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Central Banker Becomes Head of Financial Regulator

The Central Bank put one of its own in charge of overseeing markets Wednesday, consolidating financial regulation as part of a Kremlin push to revive investor confidence after the trauma of the global financial crash.

Deputy Chairman Sergei Shvetsov's promotion ends a decade-old experiment with a stand-alone regulator that has seen capital and deals continue to drain away from the Moscow market even as the economy has staged a weak recovery.

Russia follows Britain in beefing up the regulatory role of its Central Bank while, as part of a broader trend, the European Central Bank will start to oversee system-critical banks in the eurozone next year.

"Russia does not have a domestic investor base," said Chris Weafer, a veteran Russia strategist who now runs consultancy Macro Advisory.

"Creating a super-regulator is a key step, but the continuing problem is that Russia is very vulnerable to external investor flows … The 'super' tag needs to be earned."

During the 2008-09 crisis, the Central Bank spent $200 billion to defend the ruble before allowing it to depreciate by more than a third against the dollar. The country's stocks suffered a peak-to-trough slump of 80 percent.

Although a recent overhaul has boosted the attractiveness of local bonds to foreign investors, Russian stocks remain unloved. Shares trade at half their precrisis highs and at an earnings discount of around half to other emerging markets.

Shvetsov, 42, emerged as the sole contender for the job after Dmitry Pankin, head of the Federal Service for Financial Markets, or FSFR, that is being wound up, bowed out of contention Tuesday.

In a statement, the Central Bank confirmed the appointment of Shvetsov, who until now has been in charge of managing its half a trillion dollars in foreign reserves. He will also become a first deputy chairman, effective Sept. 1.

"He was the last candidate," said one source familiar with the process. Shvetsov declined to comment but was due to hold a news briefing on Thursday.

The FSFR, founded in 2004, had a narrow mandate, and although under Pankin it upgraded clearing procedures and created a central securities depositary, it never got to grips with sharp stock market practices in Moscow.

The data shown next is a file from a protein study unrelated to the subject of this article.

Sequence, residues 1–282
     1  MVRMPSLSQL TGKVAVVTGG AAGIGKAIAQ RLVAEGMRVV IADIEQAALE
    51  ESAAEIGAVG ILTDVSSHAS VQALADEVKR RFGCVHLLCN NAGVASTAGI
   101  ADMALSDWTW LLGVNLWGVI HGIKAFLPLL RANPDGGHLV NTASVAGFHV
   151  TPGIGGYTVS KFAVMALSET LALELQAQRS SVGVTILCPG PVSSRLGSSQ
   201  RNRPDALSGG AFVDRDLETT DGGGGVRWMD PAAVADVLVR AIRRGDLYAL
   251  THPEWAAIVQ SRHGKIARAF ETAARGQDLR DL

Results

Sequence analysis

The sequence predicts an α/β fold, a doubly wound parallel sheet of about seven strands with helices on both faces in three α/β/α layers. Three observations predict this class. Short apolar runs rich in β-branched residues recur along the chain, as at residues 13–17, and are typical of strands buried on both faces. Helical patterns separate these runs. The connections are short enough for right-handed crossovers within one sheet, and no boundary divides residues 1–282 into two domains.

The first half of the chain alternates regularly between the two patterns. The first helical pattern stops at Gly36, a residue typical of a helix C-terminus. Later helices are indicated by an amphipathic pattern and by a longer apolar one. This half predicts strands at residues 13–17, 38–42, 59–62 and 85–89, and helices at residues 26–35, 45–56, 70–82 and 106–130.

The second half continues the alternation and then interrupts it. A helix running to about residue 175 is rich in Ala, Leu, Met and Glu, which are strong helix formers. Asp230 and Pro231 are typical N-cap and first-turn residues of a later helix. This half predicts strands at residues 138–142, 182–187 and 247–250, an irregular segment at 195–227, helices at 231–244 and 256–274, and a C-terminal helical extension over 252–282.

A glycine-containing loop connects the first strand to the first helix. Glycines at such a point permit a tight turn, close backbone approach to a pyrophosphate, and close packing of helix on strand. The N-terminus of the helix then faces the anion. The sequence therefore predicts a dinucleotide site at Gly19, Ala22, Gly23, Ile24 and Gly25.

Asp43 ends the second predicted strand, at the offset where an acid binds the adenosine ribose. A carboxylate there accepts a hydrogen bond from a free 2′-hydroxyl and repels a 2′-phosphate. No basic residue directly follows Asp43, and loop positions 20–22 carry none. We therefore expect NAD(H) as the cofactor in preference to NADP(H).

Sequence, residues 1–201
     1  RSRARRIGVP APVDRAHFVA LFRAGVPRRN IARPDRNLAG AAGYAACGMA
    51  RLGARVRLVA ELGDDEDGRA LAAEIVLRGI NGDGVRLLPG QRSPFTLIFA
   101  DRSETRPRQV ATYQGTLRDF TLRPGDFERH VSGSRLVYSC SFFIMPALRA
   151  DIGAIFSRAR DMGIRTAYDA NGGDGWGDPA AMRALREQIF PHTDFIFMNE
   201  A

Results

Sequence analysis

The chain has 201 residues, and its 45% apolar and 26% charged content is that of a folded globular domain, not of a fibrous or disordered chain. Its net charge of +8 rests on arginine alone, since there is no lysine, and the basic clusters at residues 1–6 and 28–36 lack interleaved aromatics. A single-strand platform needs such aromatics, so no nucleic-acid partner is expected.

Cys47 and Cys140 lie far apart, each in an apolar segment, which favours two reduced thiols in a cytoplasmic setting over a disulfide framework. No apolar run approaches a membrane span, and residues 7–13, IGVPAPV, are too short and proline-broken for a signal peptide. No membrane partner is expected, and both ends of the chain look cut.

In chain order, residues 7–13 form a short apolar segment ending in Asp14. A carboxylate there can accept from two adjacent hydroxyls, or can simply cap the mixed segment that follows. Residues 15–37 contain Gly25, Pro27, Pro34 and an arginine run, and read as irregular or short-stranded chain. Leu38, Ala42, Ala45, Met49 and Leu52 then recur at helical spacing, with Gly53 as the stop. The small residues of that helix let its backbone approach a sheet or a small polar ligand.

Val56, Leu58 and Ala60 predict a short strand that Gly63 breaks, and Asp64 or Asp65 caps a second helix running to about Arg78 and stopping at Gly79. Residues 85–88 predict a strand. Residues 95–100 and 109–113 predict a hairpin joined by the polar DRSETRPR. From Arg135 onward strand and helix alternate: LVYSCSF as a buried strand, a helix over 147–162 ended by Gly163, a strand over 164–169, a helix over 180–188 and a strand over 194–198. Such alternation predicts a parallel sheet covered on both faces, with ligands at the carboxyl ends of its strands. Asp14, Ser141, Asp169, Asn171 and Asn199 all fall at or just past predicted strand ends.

Shvetsov this year weighed into a controversy over state oil major Rosneft's $55 billion takeover of TNK-BP, a deal that enraged minority shareholders because no offer was made to buy their shares in the Anglo-Russian venture.

He told a conference in April that Rosneft had acted lawfully: "That means we have to change the rules, and these rules should defend the minority shareholder," he said then.

Share volumes on the Moscow Exchange fell 38 percent in the year to July, and President Vladimir Putin has imposed a ban on state companies floating shares abroad after an exodus to markets like London and New York.

Although Russia enacted a law in 2011 against insider trading — or profiting illegally from access to privileged information — there have been no high-profile convictions. A recent FSFR probe into the takeover of cosmetics firm Kalina ended up falling foul of the statute of limitations.

Stock trading in Moscow should get a boost from the introduction in September of so-called T+2 settlement, in which payment is made two days after a bargain is struck, in line with international market practice.

But, say investment strategists, what Russia really needs for market reforms to create a positive snowball effect is a recovery in economic growth, which has slowed to a virtual halt.

Shvetsov's move will clear the way for Ksenia Yudayeva, Russia's Group of 20 summit coordinator, to assume a senior Central Bank post after Putin hosts leaders at a summit in St Petersburg next month, sources also said.

That would help the Central Bank's new head, Elvira Nabiullina, to cement her authority and add a “dove” to its monetary policy team, tilting its bias towards pro-growth cuts in interest rates.

"Nothing helps a financial market like economic growth," said Slava Smolyaninov, a strategist at Uralsib Capital. "Any reform is all well and good, but on its own it won't change the situation on the market."

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